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The Transition to a New Economy After the Second Industrial Revolution

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  • Andrew Atkeson
  • Patrick J. Kehoe

Abstract

During the Second Industrial Revolution, 1860-1900, many new technologies, including electricity, were invented. These inventions launched a transition to a new economy, a period of about 70 years of ongoing, rapid technical change. After this revolution began, however, several decades passed before measured productivity growth increased. This delay is paradoxical from the point of view of the standard growth model. Historians hypothesize that this delay was due to the slow diffusion of new technologies among manufacturing plants together with the ongoing learning in plants after the new technologies had been adopted. The slow diffusion is thought to be due to manufacturers' reluctance to abandon their accumulated expertise with old technologies, which were embodied in the design of existing plants. Motivated by these hypotheses, we build a quantitative model of technology diffusion which we use to study this transition to a new economy. We show that it implies both slow diffusion and a delay in growth similar to that in the data.

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  • Andrew Atkeson & Patrick J. Kehoe, 2001. "The Transition to a New Economy After the Second Industrial Revolution," NBER Working Papers 8676, National Bureau of Economic Research, Inc.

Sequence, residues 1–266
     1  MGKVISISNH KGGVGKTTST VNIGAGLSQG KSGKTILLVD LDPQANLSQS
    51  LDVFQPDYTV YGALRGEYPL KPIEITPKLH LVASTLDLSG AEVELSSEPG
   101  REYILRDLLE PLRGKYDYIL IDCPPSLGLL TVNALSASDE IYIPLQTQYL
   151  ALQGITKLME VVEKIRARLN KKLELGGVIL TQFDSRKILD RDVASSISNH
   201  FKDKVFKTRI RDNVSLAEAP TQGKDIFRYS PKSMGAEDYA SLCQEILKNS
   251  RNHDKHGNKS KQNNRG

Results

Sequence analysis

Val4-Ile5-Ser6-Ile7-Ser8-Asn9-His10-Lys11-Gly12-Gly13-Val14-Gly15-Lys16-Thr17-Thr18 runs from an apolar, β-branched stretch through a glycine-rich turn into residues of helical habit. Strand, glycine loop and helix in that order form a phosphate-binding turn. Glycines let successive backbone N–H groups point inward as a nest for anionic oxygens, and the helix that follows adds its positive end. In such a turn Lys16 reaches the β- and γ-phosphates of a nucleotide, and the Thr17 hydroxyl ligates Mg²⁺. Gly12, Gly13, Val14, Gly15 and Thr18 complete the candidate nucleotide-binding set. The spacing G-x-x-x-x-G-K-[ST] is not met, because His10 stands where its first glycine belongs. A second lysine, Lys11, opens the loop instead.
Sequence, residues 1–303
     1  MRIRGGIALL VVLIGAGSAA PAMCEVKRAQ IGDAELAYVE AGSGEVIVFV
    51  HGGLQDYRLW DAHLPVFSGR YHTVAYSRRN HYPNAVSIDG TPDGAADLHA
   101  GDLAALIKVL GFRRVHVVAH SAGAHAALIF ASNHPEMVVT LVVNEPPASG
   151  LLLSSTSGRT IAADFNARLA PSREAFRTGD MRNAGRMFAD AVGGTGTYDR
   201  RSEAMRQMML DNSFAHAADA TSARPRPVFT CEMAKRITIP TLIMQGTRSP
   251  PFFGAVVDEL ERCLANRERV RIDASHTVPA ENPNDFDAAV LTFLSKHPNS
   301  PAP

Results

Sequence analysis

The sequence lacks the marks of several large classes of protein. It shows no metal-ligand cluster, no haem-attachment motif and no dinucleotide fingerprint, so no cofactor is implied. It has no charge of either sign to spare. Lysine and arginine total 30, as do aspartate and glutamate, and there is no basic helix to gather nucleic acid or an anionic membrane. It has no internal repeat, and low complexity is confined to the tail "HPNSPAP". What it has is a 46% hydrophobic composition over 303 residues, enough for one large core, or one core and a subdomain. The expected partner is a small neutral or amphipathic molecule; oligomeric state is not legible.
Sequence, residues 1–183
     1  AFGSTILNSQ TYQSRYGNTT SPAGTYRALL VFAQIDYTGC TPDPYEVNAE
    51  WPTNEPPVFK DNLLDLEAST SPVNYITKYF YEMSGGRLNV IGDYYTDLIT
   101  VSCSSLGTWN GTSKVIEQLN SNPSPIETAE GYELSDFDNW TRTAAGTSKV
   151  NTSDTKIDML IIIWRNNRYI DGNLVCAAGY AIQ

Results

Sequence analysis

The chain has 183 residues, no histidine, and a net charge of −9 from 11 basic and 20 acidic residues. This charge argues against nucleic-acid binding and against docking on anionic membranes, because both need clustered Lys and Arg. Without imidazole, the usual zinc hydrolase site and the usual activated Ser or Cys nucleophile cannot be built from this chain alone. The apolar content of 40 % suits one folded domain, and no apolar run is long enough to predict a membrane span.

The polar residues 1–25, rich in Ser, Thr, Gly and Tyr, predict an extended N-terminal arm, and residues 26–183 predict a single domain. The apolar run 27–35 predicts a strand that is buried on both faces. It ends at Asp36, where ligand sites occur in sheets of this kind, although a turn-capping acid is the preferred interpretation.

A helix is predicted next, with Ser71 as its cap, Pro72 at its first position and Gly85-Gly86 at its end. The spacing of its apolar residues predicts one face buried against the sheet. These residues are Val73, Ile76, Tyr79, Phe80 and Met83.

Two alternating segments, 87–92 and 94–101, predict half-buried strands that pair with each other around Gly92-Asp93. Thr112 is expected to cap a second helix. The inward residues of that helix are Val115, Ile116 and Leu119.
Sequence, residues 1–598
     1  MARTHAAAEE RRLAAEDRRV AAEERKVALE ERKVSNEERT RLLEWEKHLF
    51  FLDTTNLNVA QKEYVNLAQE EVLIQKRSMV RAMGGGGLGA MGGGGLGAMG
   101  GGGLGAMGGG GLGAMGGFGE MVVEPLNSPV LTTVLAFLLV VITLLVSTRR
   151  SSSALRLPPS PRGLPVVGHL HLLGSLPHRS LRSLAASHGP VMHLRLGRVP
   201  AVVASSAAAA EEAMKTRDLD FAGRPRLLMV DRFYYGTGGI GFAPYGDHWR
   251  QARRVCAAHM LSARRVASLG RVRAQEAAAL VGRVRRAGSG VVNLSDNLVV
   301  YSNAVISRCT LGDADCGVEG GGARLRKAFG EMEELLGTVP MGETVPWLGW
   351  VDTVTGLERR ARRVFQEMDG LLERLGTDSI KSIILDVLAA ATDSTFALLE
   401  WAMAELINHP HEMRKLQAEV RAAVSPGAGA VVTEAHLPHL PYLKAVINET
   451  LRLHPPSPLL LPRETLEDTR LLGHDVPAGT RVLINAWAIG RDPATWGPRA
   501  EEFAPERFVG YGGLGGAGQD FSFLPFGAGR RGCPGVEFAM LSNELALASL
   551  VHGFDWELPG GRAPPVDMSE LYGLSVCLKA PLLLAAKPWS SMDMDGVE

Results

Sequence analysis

• Handle: RePEc:nbr:nberwo:8676
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    Cited by:

    1. Yi-Chan Tsai, 2010. "News Shocks and Costly Technology Adoption," 2010 Meeting Papers 567, Society for Economic Dynamics.
    2. Thomas Cooley & Ramon Marimon & Vincenzo Quadrini, 2004. "Aggregate Consequences of Limited Contract Enforceability," Journal of Political Economy, University of Chicago Press, vol. 112(4), pages 817-847, August.
    3. Jones, Charles I., 2005. "Growth and Ideas," Handbook of Economic Growth,in: Philippe Aghion & Steven Durlauf (ed.), Handbook of Economic Growth, edition 1, volume 1, chapter 16, pages 1063-1111 Elsevier.
    4. Pedro S. Amaral & Erwan Quintin, 2005. "Finance matters," Center for Latin America Working Papers 0104, Federal Reserve Bank of Dallas.
    5. Rodolfo E. Manuelli & Ananth Seshadri, 2003. "Frictionless technology diffusion: the case of tractors," Proceedings, Federal Reserve Bank of San Francisco, issue Nov.
    6. Erwan Quintin, 2008. "Contract enforcement and the size of the informal economy," Economic Theory, Springer;Society for the Advancement of Economic Theory (SAET), vol. 37(3), pages 395-416, December.
    7. Bronwyn HOWELL & Arthur GRIMES, 2010. "Productivity Questions for Public Sector Fast Fibre Network Financiers," Communications & Strategies, IDATE, Com&Strat dept., vol. 1(78), pages 127-146, 2nd quart.
    8. Joan Torrent-Sellens, 2015. "Knowledge Products and Network Externalities: Implications for the Business Strategy," Journal of the Knowledge Economy, Springer;Portland International Center for Management of Engineering and Technology (PICMET), vol. 6(1), pages 138-156, March.
    9. Howell, Bronwyn & Obren, Mark, 2003. "Telecommunications Usage in New Zealand: 1993-2003," Working Paper Series 3886, Victoria University of Wellington, The New Zealand Institute for the Study of Competition and Regulation.